The future of an exotic-animal auction is uncertain after Woolwich council effectively pulled the rug out from under the operator of the sale.
Upholding last week’s committee-of-the-whole decision, councillors opted to severely limit the types of animals that can be sold at the odd and unusual auction run by Tiger Paw Exotics at the Ontario Livestock Exchange in St. Jacobs. The next event, scheduled for Apr. 17, is now in jeopardy.
Tiger Paw owner Tim Height said he would be getting legal advice before deciding on his next move. It’s too late to change the venue for the next sale, leaving cancellation as the only other option.
In the long term, he may have to take the auction to another municipality.
“We’re trying to decide whether to move the sale, or what to do there. We have to conform to this bylaw – more than likely we’ll move it.”
The last-minute scramble comes after council reversed course on previous assurances the sale could go ahead as usual – it’s been held twice a year at OLEX since 2001.
Although many of the creatures sold at the auction are prohibited in the township, the organizations were granted an exemption under what was then the exotic pets bylaw. When the township passed a new animal control bylaw in 2006, however, it repealed that bylaw. The exemption lapsed with changes, but neither company was notified, and the sale has continued ever since.
Where council originally backed business as usual at the sale, the bylaw approved in a split vote Monday night limits the exemption to a small subset of animals, namely ungulates (hooved animals including horses, goats, pigs, bison, llamas, alpacas and camels) and tortoises. Gone from the list would be whole classes of animals, including primates (chimps, monkeys), marsupials (kangaroos), mustelids (otters, badgers) and edentates (anteaters, armadillos).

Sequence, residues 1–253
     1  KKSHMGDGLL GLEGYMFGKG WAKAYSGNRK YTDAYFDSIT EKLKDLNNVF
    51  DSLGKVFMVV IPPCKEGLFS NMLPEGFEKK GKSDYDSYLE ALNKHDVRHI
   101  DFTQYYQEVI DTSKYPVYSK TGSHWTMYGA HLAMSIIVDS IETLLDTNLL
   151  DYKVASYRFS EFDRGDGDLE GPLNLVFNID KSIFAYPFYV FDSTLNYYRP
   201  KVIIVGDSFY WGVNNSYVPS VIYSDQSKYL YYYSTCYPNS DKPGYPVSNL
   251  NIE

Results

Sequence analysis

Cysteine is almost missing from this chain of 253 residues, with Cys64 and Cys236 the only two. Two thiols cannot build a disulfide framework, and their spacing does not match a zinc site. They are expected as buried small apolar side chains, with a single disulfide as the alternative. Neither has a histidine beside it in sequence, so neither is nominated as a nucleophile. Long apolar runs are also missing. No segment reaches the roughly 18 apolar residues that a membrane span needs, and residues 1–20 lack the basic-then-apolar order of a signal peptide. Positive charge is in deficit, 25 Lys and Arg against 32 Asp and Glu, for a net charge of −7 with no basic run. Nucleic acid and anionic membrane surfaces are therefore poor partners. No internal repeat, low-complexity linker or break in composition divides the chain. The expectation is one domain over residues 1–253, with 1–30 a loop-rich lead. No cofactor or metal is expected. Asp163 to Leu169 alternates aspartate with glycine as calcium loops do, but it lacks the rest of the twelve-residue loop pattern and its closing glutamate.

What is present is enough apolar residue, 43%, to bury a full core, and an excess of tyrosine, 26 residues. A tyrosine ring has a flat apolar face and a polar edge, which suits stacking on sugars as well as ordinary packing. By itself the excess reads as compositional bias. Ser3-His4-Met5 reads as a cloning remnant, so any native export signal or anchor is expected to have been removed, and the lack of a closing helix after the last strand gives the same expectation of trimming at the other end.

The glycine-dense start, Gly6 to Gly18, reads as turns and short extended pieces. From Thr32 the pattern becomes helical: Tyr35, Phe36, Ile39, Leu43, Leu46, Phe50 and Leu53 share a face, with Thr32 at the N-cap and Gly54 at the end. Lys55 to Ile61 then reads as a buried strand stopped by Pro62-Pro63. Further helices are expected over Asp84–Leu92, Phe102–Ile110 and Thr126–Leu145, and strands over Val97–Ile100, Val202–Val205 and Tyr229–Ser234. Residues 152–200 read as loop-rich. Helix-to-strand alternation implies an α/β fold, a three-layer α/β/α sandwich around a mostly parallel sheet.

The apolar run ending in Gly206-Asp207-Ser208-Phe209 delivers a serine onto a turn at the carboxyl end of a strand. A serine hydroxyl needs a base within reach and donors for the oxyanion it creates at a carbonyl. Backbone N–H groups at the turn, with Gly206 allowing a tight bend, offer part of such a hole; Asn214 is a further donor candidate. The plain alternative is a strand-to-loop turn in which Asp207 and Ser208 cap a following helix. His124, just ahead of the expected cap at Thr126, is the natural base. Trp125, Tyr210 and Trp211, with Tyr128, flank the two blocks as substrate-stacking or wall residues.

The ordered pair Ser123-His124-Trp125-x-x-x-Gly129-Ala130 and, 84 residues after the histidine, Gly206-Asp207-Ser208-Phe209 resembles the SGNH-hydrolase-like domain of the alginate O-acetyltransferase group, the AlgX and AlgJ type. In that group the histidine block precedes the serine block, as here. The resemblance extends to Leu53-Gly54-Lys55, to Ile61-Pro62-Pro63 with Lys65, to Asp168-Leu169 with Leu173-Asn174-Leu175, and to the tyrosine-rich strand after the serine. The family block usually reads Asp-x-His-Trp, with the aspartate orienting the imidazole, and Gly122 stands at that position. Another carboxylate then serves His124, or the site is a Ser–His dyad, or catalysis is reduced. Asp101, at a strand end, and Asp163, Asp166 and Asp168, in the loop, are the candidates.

Those limitations essentially eliminate Woolwich as a viable location for the sale.
Council’s rationale for opposing the auction stemmed only from a letter submitted by the K-W Humane Society, which did not send a representative to any of the three meetings addressing this issue in the last six weeks. Opposition from Mayor Bill Strauss and councillors Mark Bauman and Murray Martin scuppered the broader exemption. Councillors Sandy Shantz and Ruby Weber supported the venture.
If Arthur-based Tiger Paw takes the sale elsewhere, there will be an economic impact on OLEX.
For general manager Larry Witzel, there’s a worry this decision sets a precedent that could have an impact on an operation that deals with animals all the time.
“It’s unfortunate how this all played out. Things were blown way out of proportion – emotion has taken over,” he said, noting issues of animal welfare, admittedly a sore spot with some, fall outside of council’s purview.
“Where does this all stop?” he asked, noting one letter from the Humane Society derailed something that has worked fine for nine years.
The decision did please some of those in attendance, however, including Melissa Matlow of the World Society for the Protection of Animals (WSPA), who called on Woolwich to curtail the auction. The organization launched a successful campaign that blitzed councillors with e-mails and letters.